COMMENT Minister of Higher Education Khaled Nordin, in his speech announcing the establishment of the National Council of Professors, reminded Malaysian professors to not only be “super gurus” in focusing on their respective careers but to contribute their expertise and participate in national life.
The recently established professors’ council comprising over 1,500 professors in the public universities did indeed weigh in on a national debate not too long ago, namely, ‘Was Mat Indera a communist or a patriot?’
Academics such as professors and professor emeritus Ridhuan Tee Abdullah, Ramlah Adam, Shamsul Amri Baharuddin, Khoo Kay Kim and their ilk enjoy the academic rights and freedom of expression through their comments appearing regularly in the mass media.
Having themselves taken advantage of these rights - in my view, correctly so, and one further assumes they would want to continue to enjoy such freedom - their silence therefore on the action taken by Universiti Islam Antarabangsa (UIA) don, Prof Abdul Aziz Bari, is somewhat of an anomaly.
Aziz Bari (left) has the responsibility to use his expertise to enlighten the public on matters related to his field of interest and scholarship, which extends to commenting on Selangor Sultan Sharafuddin Idris Shah’s recent decree in relation to the raid on the Damansara Utama Methodist Church by the Jabatan Agama Islam Selangor.
Over 140 academics signed a petition supporting Aziz Bari in this and condemning the authorities for coming down on his academic rights and freedom.
In addition to the petition signed by academics in their individual capacity, there have been statements from five academic organisations condemning the actions by the authorities against Aziz.
The five organisations are the academic staff associations of UIA, Universiti Malaya and Universiti Teknologi Malaysia; Ikatan Ilmuan Nasional (Ilmuan); and the Malaysian Academic Movement (Move), with the last being the earliest to come out with a press statement on Oct 19 decrying the actions taken by the authorities.
But where is the voice of the National Council of Professors on this developing controversy? Or for that matter other prominent academic organisations such as the Malaysian Social Science Association.
And what about the rest of the numerous academic staff associations as well as other professional organisations spawned by and working in the burgeoning number of public and private universities in the country?
Aziz Bari presents an important test case of academic freedom. Yet the majority of staff associations and many thousands of individual academics have not put their names to the petition or voiced their support for Aziz Bari and in defence of the cause of academic freedom.
Silence of the lambs
The silence of the great majority of the country’s academia - individually and collectively - can be attributed to various reasons including:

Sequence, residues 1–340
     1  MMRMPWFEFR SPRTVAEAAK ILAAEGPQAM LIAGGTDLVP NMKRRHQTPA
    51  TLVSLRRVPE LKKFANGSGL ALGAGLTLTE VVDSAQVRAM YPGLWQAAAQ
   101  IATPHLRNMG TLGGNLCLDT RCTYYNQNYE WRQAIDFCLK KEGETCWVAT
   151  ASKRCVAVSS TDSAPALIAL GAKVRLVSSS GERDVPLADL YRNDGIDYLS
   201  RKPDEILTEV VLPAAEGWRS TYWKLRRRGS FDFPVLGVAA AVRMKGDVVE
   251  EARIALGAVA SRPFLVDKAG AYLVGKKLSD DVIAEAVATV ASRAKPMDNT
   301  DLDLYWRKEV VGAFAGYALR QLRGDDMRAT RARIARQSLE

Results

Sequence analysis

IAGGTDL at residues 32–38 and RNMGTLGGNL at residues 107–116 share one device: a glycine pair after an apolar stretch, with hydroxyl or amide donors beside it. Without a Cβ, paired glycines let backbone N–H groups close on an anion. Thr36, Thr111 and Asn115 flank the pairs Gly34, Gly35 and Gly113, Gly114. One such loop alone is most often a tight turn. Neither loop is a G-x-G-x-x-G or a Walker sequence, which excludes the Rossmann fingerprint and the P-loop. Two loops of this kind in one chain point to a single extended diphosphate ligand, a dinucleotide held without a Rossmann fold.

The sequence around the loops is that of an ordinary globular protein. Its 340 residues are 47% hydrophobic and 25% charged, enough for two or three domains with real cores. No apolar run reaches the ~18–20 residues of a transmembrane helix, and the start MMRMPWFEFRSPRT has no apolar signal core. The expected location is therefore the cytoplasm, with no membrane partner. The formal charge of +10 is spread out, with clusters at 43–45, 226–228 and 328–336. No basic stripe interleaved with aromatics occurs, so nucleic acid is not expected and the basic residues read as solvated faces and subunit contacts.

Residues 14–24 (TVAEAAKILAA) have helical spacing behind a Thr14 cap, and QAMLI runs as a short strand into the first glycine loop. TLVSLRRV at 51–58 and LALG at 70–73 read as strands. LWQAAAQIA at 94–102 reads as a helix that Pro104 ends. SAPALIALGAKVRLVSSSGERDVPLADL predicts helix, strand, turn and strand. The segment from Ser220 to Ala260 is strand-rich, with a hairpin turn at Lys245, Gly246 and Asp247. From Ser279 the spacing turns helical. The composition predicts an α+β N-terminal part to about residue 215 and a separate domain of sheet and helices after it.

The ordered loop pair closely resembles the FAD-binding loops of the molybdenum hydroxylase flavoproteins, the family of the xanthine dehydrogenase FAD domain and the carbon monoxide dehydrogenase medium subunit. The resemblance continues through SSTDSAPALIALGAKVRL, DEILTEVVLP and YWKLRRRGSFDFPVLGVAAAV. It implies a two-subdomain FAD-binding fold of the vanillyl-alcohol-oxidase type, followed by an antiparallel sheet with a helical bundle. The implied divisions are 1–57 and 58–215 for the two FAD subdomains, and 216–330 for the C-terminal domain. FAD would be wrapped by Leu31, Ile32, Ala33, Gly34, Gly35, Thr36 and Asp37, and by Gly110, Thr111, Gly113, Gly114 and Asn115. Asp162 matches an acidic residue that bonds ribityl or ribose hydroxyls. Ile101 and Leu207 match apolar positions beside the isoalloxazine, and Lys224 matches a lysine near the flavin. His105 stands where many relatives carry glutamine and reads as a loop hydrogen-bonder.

- They are not aware of the case of Aziz Bari. They could not care less about what is happening in the case.
- They are concerned but either cannot be bothered to voice their concerns or are too afraid of what they feel may be adverse repercussions to their careers.
What is especially noticeable is the silence from some of the most vocal academics whose views on race, religion, history and politics, etc, are much sought after by the mainstream media.
One assumes that they should want to provide feedback in their own areas of expertise without fear of being victimised by the authorities or being hauled up under the Universities and University Colleges Act; Aku Janji; or other regulations.
One also assumes that they would be in sympathy with Aziz Bari and should be among the first to protest against the harsh and unacceptable actions taken.
But perhaps their silence is because they think Aziz Bari deserves being punished whilst they themselves have special immunity from the treatment meted out to other academics that dare to speak out against the status quo.
However now is not the time for the rest of the traditional ‘silent majority’ (over 35,000 academics in the public universities and possibly similar numbers in the private universities) to become deaf and mute.
If they have not done so, it is not too late for them to declare their support for academic freedom by adding their names to the signature campaign which can be found here.
Aziz Bari was doing exactly what the higher education minister was calling for, that is, for academics to descend from the ivory tower and contribute their knowledge to national issues.
All academics should stand by and with Aziz Bari.
We should also all be aware of the truism: ‘If you don't exercise your rights, if you don't show the government that you value those rights, eventually you will lose them.’